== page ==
Editorial: It’s time for tempers to chill over the ‘cool bus’

It is reasonable to expect there to be some rules around this service

You never know who is going to show up as a delegate to present to Whitehorse City Council at its meetings each week.

One of the beauties of municipal politics is how relatively easy it is to get a chance to talk directly to the politicians and make your case for whatever issue you think is most important.

But this week one delegate found out exactly what it takes to get cut off by council.

On Monday Daniel MacKenzie showed up to make a presentation while wearing a feather headpiece complete with googly eyes. He tried to play music as part of a claim that his human rights had somehow been violated.

For about the last month MacKenzie has been trying to get the city’s help with his “Magic Cool Bus.” Originally the bus was going to offer free rides and entertainment to Yukoners in need.

The city distanced itself from MacKenzie and his bus, issuing a statement saying MacKenzie hadn’t met any of the regulatory requirements necessary to provide his service.

Officials originally got kicked around online for making that call but it was the right decision.

It’s true more could be done to make the streets in Whitehorse safer particularly when it comes to transportation. Taxi drivers only recently started being required to take training and even then that was only after concerns were raised by women’s groups

The city has also flatly refused to even consider the idea of a Sunday bus service which would give people more opportunities to safely get home. With the potential for a cancelled Handibus on the horizon, there are obvious causes for concern.

But that doesn’t mean city officials should jump at every plan tossed out there by a guy who bought himself a school bus.

The city is being prudent. Of course there needs to be requirements and regulations.

If the focus is on being safe, the last thing Whitehorse needs to be doing is encouraging people to get into vehicles being driven by strangers with no regulations.

It is completely unreasonable to think that any business – non-profit or not – would be able to run without evidence that staff are at least aware of the potential liabilities they face.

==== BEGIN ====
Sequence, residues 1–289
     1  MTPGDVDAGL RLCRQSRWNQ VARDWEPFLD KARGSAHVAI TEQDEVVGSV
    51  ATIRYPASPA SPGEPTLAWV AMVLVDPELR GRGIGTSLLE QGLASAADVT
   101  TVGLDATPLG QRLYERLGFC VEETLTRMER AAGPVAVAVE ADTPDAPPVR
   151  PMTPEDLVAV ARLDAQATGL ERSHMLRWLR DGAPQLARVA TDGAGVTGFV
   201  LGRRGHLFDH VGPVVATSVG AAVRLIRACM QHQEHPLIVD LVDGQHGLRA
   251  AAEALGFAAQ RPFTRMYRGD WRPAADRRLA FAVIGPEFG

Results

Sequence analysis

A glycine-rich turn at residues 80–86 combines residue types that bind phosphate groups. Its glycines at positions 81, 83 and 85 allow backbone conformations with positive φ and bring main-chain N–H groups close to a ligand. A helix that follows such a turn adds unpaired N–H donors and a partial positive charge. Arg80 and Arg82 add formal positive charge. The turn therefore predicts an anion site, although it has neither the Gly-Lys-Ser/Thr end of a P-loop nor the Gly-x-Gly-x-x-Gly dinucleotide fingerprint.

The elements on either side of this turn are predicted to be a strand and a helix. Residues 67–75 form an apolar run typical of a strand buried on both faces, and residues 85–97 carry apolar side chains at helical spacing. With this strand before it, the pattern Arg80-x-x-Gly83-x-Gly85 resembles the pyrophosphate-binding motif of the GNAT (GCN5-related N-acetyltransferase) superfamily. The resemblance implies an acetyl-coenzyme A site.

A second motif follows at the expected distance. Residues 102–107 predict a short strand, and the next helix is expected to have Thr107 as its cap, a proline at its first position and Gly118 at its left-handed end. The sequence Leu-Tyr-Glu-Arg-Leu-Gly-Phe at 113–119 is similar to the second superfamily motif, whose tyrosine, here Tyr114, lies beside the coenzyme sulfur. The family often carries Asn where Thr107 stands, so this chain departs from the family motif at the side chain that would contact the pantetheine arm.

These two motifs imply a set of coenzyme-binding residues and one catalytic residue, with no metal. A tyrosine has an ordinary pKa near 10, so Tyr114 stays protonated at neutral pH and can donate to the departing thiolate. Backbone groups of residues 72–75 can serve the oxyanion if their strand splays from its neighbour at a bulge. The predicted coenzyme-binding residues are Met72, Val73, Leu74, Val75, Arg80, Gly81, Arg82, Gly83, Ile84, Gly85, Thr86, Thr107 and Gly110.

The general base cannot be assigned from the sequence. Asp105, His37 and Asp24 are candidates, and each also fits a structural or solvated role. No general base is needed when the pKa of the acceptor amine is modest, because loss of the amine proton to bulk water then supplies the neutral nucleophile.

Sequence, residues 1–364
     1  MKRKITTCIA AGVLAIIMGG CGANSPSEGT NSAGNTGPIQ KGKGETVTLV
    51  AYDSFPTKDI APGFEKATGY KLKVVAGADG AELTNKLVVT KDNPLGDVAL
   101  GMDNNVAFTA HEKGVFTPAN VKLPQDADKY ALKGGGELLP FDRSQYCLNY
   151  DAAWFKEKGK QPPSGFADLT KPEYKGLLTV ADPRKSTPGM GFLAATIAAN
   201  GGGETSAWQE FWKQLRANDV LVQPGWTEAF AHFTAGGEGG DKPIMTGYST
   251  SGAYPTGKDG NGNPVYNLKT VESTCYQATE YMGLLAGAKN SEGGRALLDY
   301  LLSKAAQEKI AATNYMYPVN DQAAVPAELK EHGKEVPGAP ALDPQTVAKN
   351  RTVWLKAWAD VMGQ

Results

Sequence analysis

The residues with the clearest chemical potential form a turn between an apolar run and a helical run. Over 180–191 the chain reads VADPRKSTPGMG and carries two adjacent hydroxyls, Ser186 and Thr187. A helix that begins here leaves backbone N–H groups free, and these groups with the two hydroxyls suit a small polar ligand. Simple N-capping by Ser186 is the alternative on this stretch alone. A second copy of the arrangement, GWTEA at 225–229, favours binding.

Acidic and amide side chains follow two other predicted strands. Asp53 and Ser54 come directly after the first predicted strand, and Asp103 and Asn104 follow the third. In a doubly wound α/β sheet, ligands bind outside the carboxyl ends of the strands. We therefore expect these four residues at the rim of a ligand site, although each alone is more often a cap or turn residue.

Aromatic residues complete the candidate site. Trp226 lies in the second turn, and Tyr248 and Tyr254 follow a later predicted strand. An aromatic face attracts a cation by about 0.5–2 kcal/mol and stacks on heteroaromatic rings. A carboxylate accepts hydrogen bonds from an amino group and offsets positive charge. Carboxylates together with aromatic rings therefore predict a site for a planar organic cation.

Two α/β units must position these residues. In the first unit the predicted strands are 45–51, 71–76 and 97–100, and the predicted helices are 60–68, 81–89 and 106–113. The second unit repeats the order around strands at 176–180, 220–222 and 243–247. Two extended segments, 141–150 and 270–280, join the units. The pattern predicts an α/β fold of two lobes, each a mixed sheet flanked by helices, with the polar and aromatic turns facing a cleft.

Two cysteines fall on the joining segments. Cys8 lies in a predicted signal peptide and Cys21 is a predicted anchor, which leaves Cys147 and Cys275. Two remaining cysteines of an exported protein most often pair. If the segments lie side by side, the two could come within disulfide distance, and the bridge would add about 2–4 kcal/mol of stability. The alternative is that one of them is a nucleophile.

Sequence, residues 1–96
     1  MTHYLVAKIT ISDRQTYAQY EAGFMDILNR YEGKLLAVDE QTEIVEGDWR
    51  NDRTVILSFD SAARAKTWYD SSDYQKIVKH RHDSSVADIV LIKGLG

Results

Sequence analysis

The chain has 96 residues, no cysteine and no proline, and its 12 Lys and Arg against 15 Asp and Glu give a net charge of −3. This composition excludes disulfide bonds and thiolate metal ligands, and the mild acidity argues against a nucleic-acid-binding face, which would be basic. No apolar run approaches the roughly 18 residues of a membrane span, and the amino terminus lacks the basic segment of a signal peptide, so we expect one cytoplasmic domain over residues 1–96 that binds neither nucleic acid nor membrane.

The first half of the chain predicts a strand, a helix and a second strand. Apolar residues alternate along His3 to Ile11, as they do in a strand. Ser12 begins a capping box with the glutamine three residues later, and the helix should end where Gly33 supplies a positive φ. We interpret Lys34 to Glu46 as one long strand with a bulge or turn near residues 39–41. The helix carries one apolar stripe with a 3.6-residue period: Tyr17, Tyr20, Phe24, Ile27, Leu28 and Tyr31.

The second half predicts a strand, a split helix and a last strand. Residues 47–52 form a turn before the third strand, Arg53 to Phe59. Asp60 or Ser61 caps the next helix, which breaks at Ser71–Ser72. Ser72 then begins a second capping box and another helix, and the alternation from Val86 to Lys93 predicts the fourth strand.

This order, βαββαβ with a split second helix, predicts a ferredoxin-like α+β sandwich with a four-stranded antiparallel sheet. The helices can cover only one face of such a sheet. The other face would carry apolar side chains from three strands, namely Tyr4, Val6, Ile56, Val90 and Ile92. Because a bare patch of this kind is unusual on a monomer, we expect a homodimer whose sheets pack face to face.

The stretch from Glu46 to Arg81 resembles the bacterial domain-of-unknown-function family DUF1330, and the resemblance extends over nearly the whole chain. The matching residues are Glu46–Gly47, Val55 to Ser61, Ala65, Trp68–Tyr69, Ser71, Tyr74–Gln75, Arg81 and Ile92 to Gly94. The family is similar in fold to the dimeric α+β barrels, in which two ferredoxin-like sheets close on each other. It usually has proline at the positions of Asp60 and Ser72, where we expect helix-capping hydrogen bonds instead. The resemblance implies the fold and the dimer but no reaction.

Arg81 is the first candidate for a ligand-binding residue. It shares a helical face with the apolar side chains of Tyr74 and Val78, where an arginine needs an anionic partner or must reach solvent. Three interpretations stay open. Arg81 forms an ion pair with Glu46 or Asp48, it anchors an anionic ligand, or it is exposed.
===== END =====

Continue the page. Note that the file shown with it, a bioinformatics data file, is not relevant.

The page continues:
As a local lawyer recently pointed out, driving strangers can open a driver up to huge liability.

The risk only increases when passengers are drunk. The driver is liable both in the event of a crash or in the event of falls and injures that occur in the vehicle.

Changes to the vehicle-for-hire bylaw – which MacKenzie would have to follow according to the city – came about precisely because of safety concerns.

At the time, RCMP had charged a taxi driver with the sexual assault of two women passengers.

The bylaw includes stricter record checks for drivers and a requirement for in-car cameras.

MacKenzie appears to have come to his senses and now says he will be running his bus as a paid service offered by a private company.

He may now be able to meet the city’s reasonable expectations.

It is unfortunate that MacKenzie seems unable to make his pitch in a serious manner.

Underneath the googly eyes and unnecessary showmanship is a serious issue that deserves to be discussed by serious people.

The city does need to think about its transportation options. There should be better services for people who are looking to get home safe.

But those changes will need more than magic.

(AJ)

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Editorial: It’s time for tempers to chill over the ‘cool bus’

It is reasonable to expect there to be some rules around this service

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